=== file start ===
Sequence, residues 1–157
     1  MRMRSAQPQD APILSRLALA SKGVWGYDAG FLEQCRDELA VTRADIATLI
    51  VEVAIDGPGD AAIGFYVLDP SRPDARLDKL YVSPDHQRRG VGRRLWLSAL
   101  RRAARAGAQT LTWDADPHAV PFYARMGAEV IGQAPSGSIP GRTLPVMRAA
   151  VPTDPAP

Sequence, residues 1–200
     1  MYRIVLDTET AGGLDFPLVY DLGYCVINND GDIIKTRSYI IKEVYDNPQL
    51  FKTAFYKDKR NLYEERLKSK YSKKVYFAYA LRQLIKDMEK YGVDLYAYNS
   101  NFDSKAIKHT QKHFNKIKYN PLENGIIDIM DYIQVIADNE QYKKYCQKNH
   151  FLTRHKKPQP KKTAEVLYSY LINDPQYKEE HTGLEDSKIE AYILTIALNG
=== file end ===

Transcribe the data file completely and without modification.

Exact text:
Sequence, residues 1–157
     1  MRMRSAQPQD APILSRLALA SKGVWGYDAG FLEQCRDELA VTRADIATLI
    51  VEVAIDGPGD AAIGFYVLDP SRPDARLDKL YVSPDHQRRG VGRRLWLSAL
   101  RRAARAGAQT LTWDADPHAV PFYARMGAEV IGQAPSGSIP GRTLPVMRAA
   151  VPTDPAP

Sequence, residues 1–200
     1  MYRIVLDTET AGGLDFPLVY DLGYCVINND GDIIKTRSYI IKEVYDNPQL
    51  FKTAFYKDKR NLYEERLKSK YSKKVYFAYA LRQLIKDMEK YGVDLYAYNS
   101  NFDSKAIKHT QKHFNKIKYN PLENGIIDIM DYIQVIADNE QYKKYCQKNH
   151  FLTRHKKPQP KKTAEVLYSY LINDPQYKEE HTGLEDSKIE AYILTIALNG